Three, two, one--buzzer! We lose the championship game by three points. Tears are streaming down the faces of my nine- and 10-year old team of co-ed of basketball players who gathered around me for the final talk of the season. I started by thanking them; this surprised them a little. I told them I was proud of them; this surprised them a lot. They felt like losers; I explained to them that they were anything but failures. Even if we had lost every game, they showed great character in practice and in games, and they never backed down from a challenge.
The parallels between coaching and running a business are many. At your firm, does every member of your staff understand their role today and what it could be tomorrow? At my firm, we only recently began to try to figure this out. We started examining our current and future roles because of a point made by one of my favorite people--Rebecca Pomering of Moss Adams. Many firms have organizational charts and job descriptions. What's missing is a path or "defining the lines" as Rebecca puts it: What skills must one learn? What benchmarks and thresholds need to be identified to confirm that a skill has been adequately acquired? What measures and behaviors indicate competence? Higher skill levels and greater responsibility would normally indicate higher pay. At what financial levels is the firm able to pay more? Would it ever be a good idea to pay more even if the firm cannot currently "afford" it?
In addition to salary, many positions should also provide incentive compensation--directly linked to excellence. To be an effective motivator, an incentive plan must reflect the individual's performance. Firm-wide awards can indeed aid in fostering a team culture, but they do not get your staff excited unless the individual has a direct effect on the outcome. Too often, awards to staff members are based upon new business generated by the firm, but ignore individual contributions. Employees who were involved may develop an attitude about sharing the award with those who had no input. As I alluded to earlier, incentives should reward excellence. And incentives that provide the biggest bang for the buck are the ones tied into a firm's overall strategy. For example, one firm's owners wanted to reduce their client load so they could spend more time on business development. They turned over a set of clients to a promising young employee who had reached the point where he could assume full responsibility for some client relationships. Then they put in place an incentive plan with a bonus for acquiring new clients.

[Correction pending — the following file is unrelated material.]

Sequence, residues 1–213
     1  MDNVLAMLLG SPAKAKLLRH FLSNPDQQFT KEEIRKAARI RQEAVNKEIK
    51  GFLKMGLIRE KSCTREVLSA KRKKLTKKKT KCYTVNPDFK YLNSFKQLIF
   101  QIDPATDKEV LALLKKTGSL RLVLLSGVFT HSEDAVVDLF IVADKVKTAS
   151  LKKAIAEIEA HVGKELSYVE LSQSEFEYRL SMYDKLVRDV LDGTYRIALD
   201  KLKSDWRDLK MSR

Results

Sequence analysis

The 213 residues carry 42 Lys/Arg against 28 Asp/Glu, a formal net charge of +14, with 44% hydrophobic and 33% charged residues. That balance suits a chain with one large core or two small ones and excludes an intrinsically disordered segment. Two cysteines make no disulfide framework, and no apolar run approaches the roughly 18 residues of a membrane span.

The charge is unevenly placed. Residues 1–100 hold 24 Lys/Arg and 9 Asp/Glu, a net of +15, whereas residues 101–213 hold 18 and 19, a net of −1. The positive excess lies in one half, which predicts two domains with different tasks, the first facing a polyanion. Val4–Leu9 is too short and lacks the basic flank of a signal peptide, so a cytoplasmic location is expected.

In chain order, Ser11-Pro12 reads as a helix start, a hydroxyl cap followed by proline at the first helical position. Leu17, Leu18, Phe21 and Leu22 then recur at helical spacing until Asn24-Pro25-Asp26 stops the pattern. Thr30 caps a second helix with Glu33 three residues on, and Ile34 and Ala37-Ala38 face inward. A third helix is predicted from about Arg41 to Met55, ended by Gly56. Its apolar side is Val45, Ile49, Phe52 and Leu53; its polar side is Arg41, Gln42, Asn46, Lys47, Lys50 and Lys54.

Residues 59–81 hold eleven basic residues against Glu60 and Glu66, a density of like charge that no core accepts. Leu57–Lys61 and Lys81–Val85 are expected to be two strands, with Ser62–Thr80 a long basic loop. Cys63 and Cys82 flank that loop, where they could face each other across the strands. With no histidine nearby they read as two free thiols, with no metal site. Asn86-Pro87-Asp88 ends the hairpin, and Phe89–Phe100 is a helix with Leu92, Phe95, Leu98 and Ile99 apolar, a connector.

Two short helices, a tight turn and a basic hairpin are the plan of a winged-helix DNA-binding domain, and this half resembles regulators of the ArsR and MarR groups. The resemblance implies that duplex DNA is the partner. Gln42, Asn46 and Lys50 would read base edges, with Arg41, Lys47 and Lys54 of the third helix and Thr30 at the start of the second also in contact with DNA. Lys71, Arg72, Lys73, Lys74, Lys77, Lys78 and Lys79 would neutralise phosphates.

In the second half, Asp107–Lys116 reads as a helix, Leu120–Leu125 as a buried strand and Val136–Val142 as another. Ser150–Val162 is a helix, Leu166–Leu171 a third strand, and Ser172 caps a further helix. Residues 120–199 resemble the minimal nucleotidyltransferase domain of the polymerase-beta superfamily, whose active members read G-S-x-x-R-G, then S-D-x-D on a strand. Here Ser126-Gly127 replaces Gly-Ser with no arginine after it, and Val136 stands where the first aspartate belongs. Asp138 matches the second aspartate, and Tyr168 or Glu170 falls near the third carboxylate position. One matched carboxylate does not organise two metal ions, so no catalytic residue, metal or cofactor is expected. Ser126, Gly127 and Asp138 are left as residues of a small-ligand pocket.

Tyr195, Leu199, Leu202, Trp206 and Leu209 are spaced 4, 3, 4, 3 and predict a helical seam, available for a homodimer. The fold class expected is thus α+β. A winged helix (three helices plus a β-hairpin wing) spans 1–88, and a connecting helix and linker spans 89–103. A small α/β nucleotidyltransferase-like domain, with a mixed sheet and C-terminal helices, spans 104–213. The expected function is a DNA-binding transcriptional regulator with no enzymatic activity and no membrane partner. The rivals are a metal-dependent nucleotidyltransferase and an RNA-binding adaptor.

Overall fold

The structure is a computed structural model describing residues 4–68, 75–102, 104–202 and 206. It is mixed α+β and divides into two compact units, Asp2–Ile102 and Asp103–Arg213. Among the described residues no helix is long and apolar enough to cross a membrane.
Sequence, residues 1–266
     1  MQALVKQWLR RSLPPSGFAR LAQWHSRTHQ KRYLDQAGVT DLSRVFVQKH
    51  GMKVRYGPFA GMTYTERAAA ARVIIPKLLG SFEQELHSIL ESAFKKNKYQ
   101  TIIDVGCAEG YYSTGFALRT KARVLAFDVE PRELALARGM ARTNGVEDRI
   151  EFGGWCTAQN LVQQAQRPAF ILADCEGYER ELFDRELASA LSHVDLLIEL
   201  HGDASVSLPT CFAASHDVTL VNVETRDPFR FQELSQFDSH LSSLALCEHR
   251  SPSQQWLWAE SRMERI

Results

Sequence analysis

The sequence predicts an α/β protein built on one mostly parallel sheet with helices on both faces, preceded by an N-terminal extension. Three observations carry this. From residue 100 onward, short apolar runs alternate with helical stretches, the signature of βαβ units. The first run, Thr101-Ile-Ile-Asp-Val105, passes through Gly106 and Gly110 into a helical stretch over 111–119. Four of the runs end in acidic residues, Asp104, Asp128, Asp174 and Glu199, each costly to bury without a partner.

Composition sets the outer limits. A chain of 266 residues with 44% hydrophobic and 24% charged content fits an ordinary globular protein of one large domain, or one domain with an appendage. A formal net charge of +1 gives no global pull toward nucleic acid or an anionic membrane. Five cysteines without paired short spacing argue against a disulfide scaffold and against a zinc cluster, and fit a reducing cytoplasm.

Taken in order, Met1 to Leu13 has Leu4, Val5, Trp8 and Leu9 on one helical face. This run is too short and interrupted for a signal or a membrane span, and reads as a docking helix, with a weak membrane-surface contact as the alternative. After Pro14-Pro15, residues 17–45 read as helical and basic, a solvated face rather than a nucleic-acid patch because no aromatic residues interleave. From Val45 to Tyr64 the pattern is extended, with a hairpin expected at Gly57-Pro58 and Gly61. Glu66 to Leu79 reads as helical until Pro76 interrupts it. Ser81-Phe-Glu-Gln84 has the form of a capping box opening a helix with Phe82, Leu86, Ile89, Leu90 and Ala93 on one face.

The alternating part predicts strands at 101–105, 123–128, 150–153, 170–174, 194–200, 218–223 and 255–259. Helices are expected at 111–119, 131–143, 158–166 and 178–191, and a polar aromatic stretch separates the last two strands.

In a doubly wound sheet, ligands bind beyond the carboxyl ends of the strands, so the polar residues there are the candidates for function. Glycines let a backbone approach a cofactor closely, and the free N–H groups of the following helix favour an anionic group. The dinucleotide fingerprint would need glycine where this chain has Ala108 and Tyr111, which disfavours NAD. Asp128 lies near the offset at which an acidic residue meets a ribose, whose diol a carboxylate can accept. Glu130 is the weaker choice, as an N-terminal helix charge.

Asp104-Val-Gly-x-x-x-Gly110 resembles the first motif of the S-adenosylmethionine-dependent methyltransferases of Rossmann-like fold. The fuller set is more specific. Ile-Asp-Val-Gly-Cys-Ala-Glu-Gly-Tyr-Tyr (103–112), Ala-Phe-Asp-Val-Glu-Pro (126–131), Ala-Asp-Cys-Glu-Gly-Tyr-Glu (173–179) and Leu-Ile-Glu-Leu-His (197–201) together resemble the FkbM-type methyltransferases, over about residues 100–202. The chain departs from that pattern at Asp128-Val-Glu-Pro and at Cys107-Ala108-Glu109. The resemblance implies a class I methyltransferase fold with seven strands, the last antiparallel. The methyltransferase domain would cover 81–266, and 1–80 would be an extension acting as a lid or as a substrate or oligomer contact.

The plan failed--producing no new clients and some aggravated old ones. Why? Instead of paying the employee and motivating him to excel at relationship management, his earnings and prospects for partnership depended on seeking new business. Time spent with current clients detracted from his potential. Second, the star pupil was never given any classes in business development, a skill best learned from a good mentor.
Everyone suffered: The employee couldn't get the bonus he wanted; the existing clients didn't get the attention they were promised, and the owners had to spend time on damage control instead of relationship building. Fortunately, the owners recognized that it was their fault--not the employee's--and restructured the training, supervision and compensation. If they hadn't recognized this, it would be about as fair as a football coach ripping into the center for blocking instead of catching a touchdown pass. I know it's a clich? to use sports analogies these days, but there is also a lot of truth in the comparisons and lessons to be learned and re-learned. We didn't win it all this time but hey, there is always next year.
Dan Moisand, CFP (email@example.com), a principal of Moisand Fitzgerald Tamayo LLC, in Melbourne, Fla., is past chairman of the Financial Planning Association and a two-time winner of the Journal of Financial Planning's national "Call for Papers Competition."